[0018] Preferably, the bifunctional modified biopolymer based polymer has a degree of substitution for the first functional groups ranging between 1 % and 95% and more preferably between 5 % and 75 %, for example between 15 % and 75 % or between 15 % and 50 %.

[0019] The bifunctional modified biopolymer based polymer, as for example bifunctional modified gelatin or bifunctional modified collagen, comprises at least one first functional group per polymer chain and preferably more than one first functional group per polymer chain. The bifunctional modified biopolymer based polymer, as for example the bifunctional modified gelatin, comprises at least one first functional group per polymer chain and comprises preferably more than one first functional group, for example 5, 10, 20, 30, 50, 60, 70, 80, 90 or 100 first functional groups per polymer chain. Preferably, the bifunctional modified biopolymer based polymer has a degree of substitution for the second functional groups ranging between 5 % and 95 % and more preferably between 5 % and 75 %, for example between 15 % and 75 % or between 15 % and 50 %.

[0020] The bifunctional modified biopolymer based polymer, as for example bifunctional modified gelatin or bifunctional modified collagen, comprises at least one second functional group per polymer chain and more preferably more than one second functional group per polymer chain. The bifunctional modified biopolymer based polymer, as for example the bifunctional modified gelatin, comprises at least one second functional group and comprises preferably more than one second functional group, for example 5, 10, 20, 30, 50, 60, 70, 80, 90 or 100 second functional groups per polymer chain.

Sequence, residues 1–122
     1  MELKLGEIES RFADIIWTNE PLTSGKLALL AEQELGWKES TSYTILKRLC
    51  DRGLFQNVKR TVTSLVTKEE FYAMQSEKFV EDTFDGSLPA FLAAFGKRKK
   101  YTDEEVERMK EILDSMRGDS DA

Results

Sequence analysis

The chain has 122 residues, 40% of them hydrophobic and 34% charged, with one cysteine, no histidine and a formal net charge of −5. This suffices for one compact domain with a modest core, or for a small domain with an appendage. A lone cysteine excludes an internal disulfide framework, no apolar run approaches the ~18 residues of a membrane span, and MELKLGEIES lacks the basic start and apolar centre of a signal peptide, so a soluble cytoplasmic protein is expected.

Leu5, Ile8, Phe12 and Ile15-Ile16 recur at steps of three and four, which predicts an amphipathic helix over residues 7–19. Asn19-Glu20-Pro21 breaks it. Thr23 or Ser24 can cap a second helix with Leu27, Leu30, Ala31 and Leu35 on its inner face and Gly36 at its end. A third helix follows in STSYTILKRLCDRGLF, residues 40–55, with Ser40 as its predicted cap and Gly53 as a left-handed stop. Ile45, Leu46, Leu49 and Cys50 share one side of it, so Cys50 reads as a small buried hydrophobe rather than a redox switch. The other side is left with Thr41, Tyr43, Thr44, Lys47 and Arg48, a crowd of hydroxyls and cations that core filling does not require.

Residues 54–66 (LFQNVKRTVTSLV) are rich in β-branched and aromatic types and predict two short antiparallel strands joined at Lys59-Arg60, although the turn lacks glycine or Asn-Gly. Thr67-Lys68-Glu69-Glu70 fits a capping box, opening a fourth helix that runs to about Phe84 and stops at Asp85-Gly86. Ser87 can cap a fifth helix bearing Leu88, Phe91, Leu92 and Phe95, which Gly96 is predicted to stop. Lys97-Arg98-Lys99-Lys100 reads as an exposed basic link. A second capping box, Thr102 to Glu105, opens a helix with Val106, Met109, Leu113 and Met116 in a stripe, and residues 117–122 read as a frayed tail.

[0021] The bifunctional modified biopolymer based polymer according to the present invention has the advantage to combine two functionalities : a first functionality enabling conventional free radical polymerization and a second functionality susceptible to thiol-ene click reaction, for example to thiol- ene photoclick reaction. The second functional groups remain unreacted during the free radical polymerization and allow to obtain post-crosslinking grafting. The second functional groups allow to introduce certain thiolated functionalities. The second functional groups allow for example postprocessing grafting, such as post-processing grafting of bioactive molecules to further tailor the biopolymer based polymer towards specific needs.